Anniversary of WASP Training 1942


On November 16, 1942, the first Womens Air Service Pilots (WASPs) entered training. The concept of  women flying non-combat missions to free male pilots to fly combat missions was proposed by Jackie Cochran and Nancy Harkness Love in the summer of 1941.

The first group of 38 WASP pilots, nicknamed the “guinea pigs”, began their training at Houston Municipal Airport and were required to complete the same Primary, Basic and Advanced flying courses as male pilots, and many progressed on to specialized courses.

WASPs flew fighters, bombers and transports on ferry and support missions throughout the world.



Interview With POW Colonel Lee Ellis

Lee Ellis was on his first Air Force assignment, flying an F-4C aircraft out of Danang, South Vietnam, when he was forced to eject over Dong Hoi, North Vietnam, and captured. He endured 5 1/2 years as a Prisoner of War (POW) in the infamous Hoa Loa prison, nicknamed the Hanoi Hilton.
It was during that incarceration, in the crucible of leadership, that he learned the lessons that guided him through the rest of his career and his life.
After repatriation, he returned to flying, serving as a T-38 Instructor Pilot (IP), Stan-Eval Flight Examiner (SEFE), and Squadron Commander. His final assignment in the Air Force was Commander of the Air Force ROTC Program at the University of Georgia.
He now travels and lectures extensively on Leadership, and has written four books.

His website is


I’m Not On The Wall

The Vietnam Veterans Memorial – The Wall – has panels that list the KIA (Killed In Action) casualties in chronological order of their loss. Panel W1, the last panel, encompasses the date July 31, 1972. My name is not on that panel, because my military Brothers, J.D. Allen and the crew of Purple 28, saved my life.

Forty-four years ago today, I was Number Four in Walnut Flight, four F-4s on a strike deep into enemy territory north of Hanoi. The flight was being led by a new flight lead on his first mission over Hanoi, and J.D. was the deputy flight lead, Walnut Three. Enroute to the target, we faced heavy reactions. SAMs (surface-to-air missiles), AAA (anti-aircraft artillery) and MiG calls (enemy aircraft). As we egressed the target area over the Gulf of Tonkin, Lead called for a fuel check, and that was when we all realized that my fuel was significantly below the other airplanes in the flight. In fact, I wouldn’t have enough fuel to make it to the post-strike refueling point.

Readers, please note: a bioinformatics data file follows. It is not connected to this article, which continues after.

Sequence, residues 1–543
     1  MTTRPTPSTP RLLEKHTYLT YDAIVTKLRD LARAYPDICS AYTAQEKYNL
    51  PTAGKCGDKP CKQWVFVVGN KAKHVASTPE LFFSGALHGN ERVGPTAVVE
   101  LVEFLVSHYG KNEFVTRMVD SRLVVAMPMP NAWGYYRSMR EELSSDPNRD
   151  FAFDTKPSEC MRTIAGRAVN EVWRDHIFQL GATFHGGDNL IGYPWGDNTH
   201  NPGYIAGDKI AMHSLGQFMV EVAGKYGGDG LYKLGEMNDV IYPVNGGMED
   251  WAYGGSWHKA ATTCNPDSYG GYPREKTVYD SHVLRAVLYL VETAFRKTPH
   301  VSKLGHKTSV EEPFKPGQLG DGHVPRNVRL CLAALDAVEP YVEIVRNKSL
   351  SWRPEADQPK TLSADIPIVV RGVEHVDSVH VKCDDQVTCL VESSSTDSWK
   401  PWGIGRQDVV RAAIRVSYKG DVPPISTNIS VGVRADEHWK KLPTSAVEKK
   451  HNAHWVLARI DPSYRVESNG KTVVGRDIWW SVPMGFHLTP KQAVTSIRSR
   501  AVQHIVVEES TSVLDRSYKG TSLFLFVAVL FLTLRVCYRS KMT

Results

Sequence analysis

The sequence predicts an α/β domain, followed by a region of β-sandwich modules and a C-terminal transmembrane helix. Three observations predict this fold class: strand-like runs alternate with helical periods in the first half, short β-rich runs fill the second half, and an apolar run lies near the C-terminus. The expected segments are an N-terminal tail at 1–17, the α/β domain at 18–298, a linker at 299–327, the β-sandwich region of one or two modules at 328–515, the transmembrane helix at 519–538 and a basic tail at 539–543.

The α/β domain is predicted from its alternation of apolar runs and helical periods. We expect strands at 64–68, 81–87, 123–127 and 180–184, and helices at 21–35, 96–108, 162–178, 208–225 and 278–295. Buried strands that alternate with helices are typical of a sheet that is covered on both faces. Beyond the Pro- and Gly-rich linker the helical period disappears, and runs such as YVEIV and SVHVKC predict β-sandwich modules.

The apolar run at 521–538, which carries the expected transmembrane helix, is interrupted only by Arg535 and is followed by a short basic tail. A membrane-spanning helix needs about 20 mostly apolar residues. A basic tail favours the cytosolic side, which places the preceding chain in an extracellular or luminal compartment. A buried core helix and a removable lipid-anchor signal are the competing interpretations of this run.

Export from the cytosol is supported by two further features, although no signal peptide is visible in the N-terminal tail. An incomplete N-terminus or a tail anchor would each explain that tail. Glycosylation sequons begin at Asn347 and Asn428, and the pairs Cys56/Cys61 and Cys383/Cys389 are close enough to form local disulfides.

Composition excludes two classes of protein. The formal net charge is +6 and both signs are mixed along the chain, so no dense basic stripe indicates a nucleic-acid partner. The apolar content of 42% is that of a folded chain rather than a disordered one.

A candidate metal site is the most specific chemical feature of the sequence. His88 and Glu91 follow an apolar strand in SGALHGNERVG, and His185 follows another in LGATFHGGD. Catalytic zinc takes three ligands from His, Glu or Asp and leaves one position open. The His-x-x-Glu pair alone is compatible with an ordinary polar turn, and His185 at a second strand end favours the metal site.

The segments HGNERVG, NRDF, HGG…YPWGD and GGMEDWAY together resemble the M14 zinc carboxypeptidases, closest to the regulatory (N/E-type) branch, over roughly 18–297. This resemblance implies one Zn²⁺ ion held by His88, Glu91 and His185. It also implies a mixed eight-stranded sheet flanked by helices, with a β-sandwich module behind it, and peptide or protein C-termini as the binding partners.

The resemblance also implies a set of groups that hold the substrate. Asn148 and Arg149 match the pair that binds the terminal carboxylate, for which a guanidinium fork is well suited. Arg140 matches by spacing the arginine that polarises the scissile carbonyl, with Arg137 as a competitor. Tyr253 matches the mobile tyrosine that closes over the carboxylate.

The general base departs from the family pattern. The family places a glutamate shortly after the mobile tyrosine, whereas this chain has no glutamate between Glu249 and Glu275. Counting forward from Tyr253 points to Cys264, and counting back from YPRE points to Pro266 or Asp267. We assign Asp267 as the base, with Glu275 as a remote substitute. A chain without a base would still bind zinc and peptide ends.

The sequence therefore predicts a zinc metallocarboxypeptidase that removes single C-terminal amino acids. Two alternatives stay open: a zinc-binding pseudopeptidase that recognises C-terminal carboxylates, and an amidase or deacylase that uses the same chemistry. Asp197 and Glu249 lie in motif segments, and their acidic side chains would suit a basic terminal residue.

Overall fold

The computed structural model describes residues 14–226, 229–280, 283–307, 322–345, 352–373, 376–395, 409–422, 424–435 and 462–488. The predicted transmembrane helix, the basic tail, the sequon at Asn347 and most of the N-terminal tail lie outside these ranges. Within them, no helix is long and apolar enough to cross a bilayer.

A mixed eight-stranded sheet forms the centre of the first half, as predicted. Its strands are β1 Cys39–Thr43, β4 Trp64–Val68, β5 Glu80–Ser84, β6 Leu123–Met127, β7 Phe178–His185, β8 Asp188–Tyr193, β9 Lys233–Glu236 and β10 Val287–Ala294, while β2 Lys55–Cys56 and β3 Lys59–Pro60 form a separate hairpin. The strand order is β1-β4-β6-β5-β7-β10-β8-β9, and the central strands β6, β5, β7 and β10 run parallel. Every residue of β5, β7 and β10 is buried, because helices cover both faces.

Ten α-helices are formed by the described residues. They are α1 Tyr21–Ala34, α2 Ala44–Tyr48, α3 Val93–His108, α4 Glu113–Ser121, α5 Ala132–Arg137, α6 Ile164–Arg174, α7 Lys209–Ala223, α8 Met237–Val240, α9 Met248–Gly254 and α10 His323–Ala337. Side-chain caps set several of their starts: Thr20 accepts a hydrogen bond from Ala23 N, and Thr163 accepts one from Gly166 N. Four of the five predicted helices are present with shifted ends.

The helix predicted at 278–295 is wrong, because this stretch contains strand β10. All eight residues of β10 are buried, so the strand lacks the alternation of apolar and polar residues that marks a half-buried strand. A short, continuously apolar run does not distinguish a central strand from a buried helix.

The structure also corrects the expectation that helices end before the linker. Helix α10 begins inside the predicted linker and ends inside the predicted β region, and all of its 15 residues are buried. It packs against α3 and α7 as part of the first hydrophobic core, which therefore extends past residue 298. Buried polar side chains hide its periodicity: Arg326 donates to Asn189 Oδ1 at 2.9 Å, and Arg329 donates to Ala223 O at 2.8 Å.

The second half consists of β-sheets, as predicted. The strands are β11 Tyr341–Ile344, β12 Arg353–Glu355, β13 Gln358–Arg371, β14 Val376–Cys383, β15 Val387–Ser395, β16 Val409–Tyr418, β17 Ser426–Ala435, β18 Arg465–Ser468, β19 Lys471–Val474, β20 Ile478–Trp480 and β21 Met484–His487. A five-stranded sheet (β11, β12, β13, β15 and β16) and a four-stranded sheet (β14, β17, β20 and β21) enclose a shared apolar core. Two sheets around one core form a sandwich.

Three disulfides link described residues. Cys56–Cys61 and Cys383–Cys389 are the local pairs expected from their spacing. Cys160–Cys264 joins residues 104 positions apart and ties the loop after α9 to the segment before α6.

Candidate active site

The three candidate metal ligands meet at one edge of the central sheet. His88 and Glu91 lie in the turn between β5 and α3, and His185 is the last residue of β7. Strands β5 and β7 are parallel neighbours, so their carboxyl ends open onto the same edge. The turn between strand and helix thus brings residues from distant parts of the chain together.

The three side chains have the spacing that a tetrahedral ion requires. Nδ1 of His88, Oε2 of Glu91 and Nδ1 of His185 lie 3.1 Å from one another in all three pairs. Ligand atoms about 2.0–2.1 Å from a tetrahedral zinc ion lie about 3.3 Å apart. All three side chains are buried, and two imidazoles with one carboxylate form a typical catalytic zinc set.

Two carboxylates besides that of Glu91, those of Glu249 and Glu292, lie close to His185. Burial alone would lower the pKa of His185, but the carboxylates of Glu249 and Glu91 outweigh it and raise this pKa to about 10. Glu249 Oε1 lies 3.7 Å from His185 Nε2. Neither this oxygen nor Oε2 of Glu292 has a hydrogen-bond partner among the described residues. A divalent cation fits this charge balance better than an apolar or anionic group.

Lead was out of ideas, and that’s when J.D. went into action. With Lead’s concurrence, he took command of the flight, sent us over to the emergency GUARD frequency, and made contact with the refueling tankers. One of them, Purple 28, volunteered to fly up into enemy territory to meet us. That crew put their airplane, their lives, and their careers on the line to save me.

Back in 1972, navigation was not the GPS precision it is today. The INS (inertial navigation system) position on the F-4 could be off by as much as 10 miles for every hour of operation. The only way to roughly determine our position was radial/DME from a TACAN located on a Navy ship, far away. J.D. asked the tanker for his position from the TACAN, then gave the tanker a heading to meet up with us. Picking the tanker up on radar, J.D. told him when to begin his turn to a heading to match ours, and told him to start a descent. In the meantime, he directed me to start a half-nozzle descent.

My WSO and I were running through the Preparation For Ejection checklist, and I was periodically reporting my fuel state. The last reading I recall seeing was 0 on the tape and 0030 on the counter. About two minutes fuel. With fuel gauge tolerance, perhaps a bit more, perhaps less.

Up until this time I had simply been flying the headings, speeds and altitudes J.D. had assigned. I was pretty much operating on mental autopilot. The next thing I knew, I looked up and saw the refueling boom of the tanker directly above me, ready to plug in. I opened up my refueling door and immediately heard the rush of JP-4 entering my aircraft. And I knew I wouldn’t need to step over the side on this mission.

I think of J.D. and the tanker crew, and silently thank them, every time I hold my wife, my kids, my grandkids. If they hadn’t stepped up to the plate when they did, I’m fairly certain I wouldn’t have made it home. When you pull the ejection handle over shark-infested enemy-controlled water, there are a thousand things that can happen to prevent a happy outcome.

So on this anniversary, July 31st, I want to once again thank my Brothers, the brave tanker crew and J.D. Allen.